FamilyMart: The growing Japanese ‘sari-sari’ store

MANILA, Philippines – In just two years, Japanese convenience store chain FamilyMart branched out more than 60 times in Metro Manila.

And by the end of 2014, FamilyMart targets a hundred more to gradually realize their business plan of 500 branches across the Philippines.

The aggressive expansion of the company – competing with rivals 7-Eleven, Gokongwei-led Ministop, some Mercury Drug outlets, Villar-owned Finds Convenience Stores Inc. (FCS), and gasoline station-based Shell Select and Caltex Star Mart whose brands have been around in the Philippines for a long time – might catch the attention of the many.

But FamilyMart, after all, is the second largest convenience store chain in the world, with more than 22,000 branches, only behind 7-Eleven.

In the Philippines, it operates under a joint venture firm by SSI Group, Inc. – franchisee of some of the world’s coveted brands – and Ayala Land Inc., the largest real estate developer in the country.

Within the year, it plans to get listed on the Philippine Stock Exchange as it raises more capital to fuel its expansion, said Anton Huang, FamilyMart CVS Inc. president.

But how exactly is it competing in the market that has been dominated by established convenience store chain operators?

“For the longest years, the convenience store is just a place where people go inside, grab something to eat, and you go out and leave,” FamilyMart CVS Inc. president Eduardo Paredes Jr. said.

Its café-like experience, Paredes said, is the one that give them an advantage, and he thinks it is what Filipinos have been looking for in what could be a modern-day “sari-sari” store that sells ready-to-eat gourmet food like turkey ham with raspberry cream cheese sandwich, garden salad, cobb salad, and even Japanese favorites California maki, katsudon, and ramen at reasonable prices.

“Filipinos are very aspirational, you know. We could afford this but you want a little more,” he told Rappler.

It’s a convenience store that affords customers generous seating area. At every branch there’s a corner where tables with chairs upholstered in brown leatherette are allotted for customers. Walls are painted in white, while the store lights in incandescent yellow give the stores a warm tone.

“The lighting is really nice on the skin tone. So you wouldn’t think that you would be in a convenience store,” said Maja Olivares-Co, the interior designer of FamilyMart stores in the Philippines.

Olivares-Co, who is also behind the P75-million ($1.67-million) rehabilitation project of the historic Paco Market, said this is what sets FamilyMart apart from its competitors.

“What FamilyMart is doing is they have a seating area. If you have a seating area, that’s less revenue. But they’re giving that back to the customer. That alone is a commitment to a certain level quality of service that most aren’t able to give or aren’t willing to give,” she said.

To make sure the customers keep coming back not only to sit and wait for the MRT3 station to decongest and not buying anything, the convenience store chain prepares new assortments of ready-to-eat food every 3 months, Paredes said.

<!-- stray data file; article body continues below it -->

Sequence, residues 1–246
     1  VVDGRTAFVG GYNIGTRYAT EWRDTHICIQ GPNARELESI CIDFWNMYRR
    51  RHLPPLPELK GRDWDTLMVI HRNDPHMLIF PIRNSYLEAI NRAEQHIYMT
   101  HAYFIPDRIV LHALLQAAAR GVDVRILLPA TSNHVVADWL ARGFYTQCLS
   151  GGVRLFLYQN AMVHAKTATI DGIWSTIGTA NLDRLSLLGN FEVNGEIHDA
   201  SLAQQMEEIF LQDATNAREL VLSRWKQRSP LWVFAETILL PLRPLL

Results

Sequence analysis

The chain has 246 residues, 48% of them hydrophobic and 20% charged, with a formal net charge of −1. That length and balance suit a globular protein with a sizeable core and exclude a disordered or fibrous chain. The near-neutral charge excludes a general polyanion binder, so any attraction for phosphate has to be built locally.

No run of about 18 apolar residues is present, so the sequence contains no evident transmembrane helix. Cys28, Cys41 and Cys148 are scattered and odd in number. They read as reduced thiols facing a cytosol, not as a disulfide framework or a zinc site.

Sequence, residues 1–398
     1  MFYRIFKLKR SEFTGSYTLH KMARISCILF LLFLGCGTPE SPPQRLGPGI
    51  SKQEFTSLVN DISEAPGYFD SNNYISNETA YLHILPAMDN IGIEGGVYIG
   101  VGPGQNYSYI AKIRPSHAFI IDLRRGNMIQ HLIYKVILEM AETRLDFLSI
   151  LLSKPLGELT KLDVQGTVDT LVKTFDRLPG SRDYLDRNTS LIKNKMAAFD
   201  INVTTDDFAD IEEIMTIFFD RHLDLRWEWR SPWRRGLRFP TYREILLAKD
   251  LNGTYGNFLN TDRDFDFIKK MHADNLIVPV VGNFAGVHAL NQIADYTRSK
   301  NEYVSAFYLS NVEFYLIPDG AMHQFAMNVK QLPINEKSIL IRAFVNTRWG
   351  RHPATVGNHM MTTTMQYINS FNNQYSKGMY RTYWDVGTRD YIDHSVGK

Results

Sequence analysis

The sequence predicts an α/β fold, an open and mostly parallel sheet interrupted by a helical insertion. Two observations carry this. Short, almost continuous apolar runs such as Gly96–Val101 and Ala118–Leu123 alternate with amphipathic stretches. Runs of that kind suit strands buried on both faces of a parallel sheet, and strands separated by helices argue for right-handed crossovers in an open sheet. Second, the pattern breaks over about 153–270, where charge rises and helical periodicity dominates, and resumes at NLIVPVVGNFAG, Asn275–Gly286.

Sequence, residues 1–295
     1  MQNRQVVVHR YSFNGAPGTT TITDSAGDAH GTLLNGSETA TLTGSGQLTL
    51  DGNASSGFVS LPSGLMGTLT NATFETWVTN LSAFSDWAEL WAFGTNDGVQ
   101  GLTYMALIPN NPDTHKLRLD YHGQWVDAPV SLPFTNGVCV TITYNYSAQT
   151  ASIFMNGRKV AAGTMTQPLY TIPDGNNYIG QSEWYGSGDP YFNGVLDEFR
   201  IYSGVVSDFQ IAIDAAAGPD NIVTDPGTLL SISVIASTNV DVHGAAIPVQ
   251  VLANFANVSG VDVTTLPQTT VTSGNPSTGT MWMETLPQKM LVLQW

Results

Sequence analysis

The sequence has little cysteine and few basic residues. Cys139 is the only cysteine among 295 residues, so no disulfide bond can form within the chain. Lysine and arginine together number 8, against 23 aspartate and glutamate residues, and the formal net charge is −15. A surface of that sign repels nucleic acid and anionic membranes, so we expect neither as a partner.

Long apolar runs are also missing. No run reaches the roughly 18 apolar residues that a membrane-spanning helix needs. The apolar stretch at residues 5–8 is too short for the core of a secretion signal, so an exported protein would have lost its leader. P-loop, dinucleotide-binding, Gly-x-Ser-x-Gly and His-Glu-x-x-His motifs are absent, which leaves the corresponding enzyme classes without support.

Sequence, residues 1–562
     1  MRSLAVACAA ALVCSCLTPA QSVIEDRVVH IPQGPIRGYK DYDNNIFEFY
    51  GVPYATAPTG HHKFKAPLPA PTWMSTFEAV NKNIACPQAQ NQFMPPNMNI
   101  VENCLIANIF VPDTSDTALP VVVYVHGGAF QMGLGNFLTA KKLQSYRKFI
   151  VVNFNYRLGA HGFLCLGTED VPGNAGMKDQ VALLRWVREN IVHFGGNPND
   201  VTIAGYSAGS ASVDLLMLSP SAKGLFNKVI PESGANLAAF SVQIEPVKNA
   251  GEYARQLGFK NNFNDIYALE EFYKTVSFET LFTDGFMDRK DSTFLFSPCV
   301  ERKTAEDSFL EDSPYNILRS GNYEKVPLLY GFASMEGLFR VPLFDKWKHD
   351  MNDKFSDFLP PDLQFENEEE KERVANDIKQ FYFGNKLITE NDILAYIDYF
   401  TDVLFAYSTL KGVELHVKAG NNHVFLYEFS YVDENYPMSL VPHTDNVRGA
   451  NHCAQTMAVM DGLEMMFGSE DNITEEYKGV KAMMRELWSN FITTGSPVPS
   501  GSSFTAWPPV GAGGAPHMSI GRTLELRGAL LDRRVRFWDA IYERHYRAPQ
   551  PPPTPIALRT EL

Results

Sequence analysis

“We have to show the consumers there’s always something new to look forward to. Just like our twirl-all-you-can [ice cream], we’re just here for a year, now we have launched about 7 flavors already and we rotate it so people look forward to the flavors,” he said.

Facing established competitors like 7-Eleven and Ministop, the newcomer in the Philippines is positive that through its “unique niche” – from giving back seating space and a healthy array of ready-to-eat menu – it would reach its business plan of 500 stores by 2018.

To do that, it announced in August that it would franchise out its convenience stores. Franchisees invest a minimum capital of P4.4 million ($97,930.23), while the FamilyMart group would spend P3.4 million ($75,673.36).

Their profit sharing model: franchisee gets 75% of the earnings, but pays the staff and security, rent, taxes and insurance, supplies, repairs and maintenance, inventory loss and shrinkages. The company, meanwhile, gets 25% of the profit, shouldering half of the electricity cost, while paying for marketing, audit, area manager, and merchandising services.

“Our business plan calls for 500 stores within 5 years. We’re depending on how things go,” said Huang.

But will FamilyMart reach that plan?

The Wall Street Journal says the Philippines is ripe for convenience store expansion. In 2012, it said shoppers in the country had fewer convenience stores compared to other countries in Asia. There was one convenience store per 40,917 people in the same period, compared to South Korea, where one convenience store served 2,060 people.

Next year, Paredes said they plan to expand in Cebu, with four companies already expressing their interest for a franchise.

Aside from Cebu, Davao and Iloilo are FamilyMart’s next locations due to a substantial number of business outsourcing firms that have relocated in these cities, said Paredes.

“Based on 18 months we’ve been our operation, we’ve met our business plan and we’re quite happy the way things develop,” said Huang. – First published on Rappler.com

 

Photo courtesy of Sakura  Chihaya

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